The U.S. and China issued a joint statement during Wednesday's COP26 talks that pledged climate action and cooperation from both of the world's superpowers, including working to cut emissions this decade and committing to addressing methane emissions, The New York Times and The Washington Post report.
The surprise declaration included few (if any) hard deadlines or commitments, "and parts of it simply restated efforts that were already underway," writes the Post; but still, the announcement's "timing and tone seemed intended to grease the Glasgow negotiations as they entered their crucial final stretch."
"The United States and China have no shortage of differences," said U.S. special climate envoy John Kerry from Glasgow. "But on climate, cooperation is the only way to get this job done." He called the pledge "a step we can build on in order to help close the gap" on emissions, per the Post.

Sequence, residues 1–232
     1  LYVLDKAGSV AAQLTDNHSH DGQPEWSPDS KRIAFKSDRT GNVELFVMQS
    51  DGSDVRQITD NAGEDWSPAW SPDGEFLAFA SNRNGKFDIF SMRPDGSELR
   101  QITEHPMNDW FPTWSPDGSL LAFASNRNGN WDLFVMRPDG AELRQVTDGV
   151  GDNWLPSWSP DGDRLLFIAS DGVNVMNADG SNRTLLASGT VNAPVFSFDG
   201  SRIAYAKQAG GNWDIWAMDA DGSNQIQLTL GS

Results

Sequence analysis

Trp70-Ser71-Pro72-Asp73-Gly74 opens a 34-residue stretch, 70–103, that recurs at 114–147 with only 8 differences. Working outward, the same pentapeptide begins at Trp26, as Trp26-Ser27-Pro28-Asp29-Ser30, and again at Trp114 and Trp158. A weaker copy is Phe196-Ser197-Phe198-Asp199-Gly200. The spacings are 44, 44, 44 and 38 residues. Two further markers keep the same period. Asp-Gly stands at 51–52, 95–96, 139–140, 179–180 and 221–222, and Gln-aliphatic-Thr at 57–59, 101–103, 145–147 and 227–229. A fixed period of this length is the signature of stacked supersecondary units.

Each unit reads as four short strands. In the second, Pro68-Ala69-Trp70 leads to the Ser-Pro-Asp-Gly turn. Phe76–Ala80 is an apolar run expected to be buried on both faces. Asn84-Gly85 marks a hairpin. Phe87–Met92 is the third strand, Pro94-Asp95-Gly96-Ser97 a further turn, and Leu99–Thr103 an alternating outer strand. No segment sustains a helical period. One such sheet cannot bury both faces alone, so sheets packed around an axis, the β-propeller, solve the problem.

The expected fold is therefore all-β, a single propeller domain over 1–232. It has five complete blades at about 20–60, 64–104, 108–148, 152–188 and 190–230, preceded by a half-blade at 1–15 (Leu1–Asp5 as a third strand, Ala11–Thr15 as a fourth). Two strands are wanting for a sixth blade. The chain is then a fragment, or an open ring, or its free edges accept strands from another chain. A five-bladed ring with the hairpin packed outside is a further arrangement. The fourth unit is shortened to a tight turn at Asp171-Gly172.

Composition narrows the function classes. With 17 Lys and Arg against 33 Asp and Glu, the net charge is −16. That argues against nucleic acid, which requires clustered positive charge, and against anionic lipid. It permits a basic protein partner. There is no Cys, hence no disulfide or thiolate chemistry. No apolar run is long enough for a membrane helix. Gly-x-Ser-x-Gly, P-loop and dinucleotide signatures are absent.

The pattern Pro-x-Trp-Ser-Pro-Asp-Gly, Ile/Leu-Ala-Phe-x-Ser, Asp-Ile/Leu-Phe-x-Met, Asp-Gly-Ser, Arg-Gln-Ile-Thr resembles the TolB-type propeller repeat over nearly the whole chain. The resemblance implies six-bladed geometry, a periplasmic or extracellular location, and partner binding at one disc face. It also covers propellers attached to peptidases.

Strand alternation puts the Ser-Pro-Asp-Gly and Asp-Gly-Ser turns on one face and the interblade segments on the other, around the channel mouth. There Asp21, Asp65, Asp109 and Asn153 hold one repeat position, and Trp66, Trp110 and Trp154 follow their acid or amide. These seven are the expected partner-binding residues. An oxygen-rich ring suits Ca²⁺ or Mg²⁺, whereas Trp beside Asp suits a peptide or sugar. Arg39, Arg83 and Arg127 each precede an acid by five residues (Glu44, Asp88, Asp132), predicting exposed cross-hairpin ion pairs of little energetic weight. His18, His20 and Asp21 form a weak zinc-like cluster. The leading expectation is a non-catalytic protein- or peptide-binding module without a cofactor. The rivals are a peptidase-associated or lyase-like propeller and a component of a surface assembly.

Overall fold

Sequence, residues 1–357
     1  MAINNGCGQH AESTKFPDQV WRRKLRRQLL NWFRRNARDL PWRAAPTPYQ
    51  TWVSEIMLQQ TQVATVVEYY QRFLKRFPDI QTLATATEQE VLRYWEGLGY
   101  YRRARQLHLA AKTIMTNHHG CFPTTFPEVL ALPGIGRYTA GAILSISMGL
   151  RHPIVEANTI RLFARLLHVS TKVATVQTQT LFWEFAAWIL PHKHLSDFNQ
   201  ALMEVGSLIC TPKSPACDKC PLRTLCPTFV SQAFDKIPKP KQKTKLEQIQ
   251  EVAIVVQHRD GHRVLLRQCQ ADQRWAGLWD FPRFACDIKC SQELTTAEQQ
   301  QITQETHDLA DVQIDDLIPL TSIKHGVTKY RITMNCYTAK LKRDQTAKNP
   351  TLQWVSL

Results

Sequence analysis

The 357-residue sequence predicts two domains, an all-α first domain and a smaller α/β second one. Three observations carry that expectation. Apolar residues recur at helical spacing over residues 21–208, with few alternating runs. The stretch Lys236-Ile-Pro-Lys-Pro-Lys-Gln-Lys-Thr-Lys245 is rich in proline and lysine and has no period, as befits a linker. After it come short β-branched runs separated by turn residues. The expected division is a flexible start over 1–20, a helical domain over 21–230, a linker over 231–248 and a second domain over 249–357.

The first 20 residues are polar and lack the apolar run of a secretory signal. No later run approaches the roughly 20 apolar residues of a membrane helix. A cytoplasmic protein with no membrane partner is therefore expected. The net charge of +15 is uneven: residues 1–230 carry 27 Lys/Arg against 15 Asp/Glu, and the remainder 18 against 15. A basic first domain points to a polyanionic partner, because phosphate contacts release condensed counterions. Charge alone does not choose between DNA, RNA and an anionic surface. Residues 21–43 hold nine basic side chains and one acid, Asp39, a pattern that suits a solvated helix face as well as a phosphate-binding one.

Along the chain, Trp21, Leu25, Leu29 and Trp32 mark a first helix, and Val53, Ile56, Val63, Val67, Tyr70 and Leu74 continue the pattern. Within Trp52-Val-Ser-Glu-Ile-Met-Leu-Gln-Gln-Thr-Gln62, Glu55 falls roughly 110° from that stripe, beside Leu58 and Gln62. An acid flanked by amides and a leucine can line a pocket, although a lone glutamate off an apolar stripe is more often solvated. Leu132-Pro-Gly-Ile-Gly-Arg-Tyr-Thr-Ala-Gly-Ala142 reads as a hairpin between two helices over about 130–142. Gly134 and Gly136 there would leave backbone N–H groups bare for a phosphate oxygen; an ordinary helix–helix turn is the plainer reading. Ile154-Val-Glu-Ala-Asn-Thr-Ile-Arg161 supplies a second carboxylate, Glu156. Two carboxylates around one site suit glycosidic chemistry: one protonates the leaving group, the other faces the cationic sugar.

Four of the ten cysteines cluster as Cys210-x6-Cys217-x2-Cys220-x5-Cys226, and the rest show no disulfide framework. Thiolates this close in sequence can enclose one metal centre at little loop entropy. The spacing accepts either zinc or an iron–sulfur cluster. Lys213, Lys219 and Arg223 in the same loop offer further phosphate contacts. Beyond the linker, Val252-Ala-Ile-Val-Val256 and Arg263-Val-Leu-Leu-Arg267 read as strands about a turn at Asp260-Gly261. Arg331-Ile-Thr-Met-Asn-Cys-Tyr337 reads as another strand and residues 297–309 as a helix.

Both China and the U.S. are the world's biggest greenhouse gas emitters. Chinese President Xi Jinping chose not to travel to Glasgow, which had early on subdued hopes "a far-reaching" greenhouse gas deal could be reached, notes the Post.
"As two major powers in the world, China and the United States, we need to take our due responsibility and work together and work with others in the spirit of cooperation to address climate change," said China's climate envoy Xie Zhenhua, who announced the so-called "Glasgow Declaration" before Kerry spoke immediately after.
The agreement, which has won praise from leaders and but some criticism from experts, per the Times, declares both America and China's "intention to work individually, jointly, and with other countries during this decisive decade" to "strengthen and accelerate climate action and cooperation aimed at closing the gap." Read more at The Washington Post and The New York Times.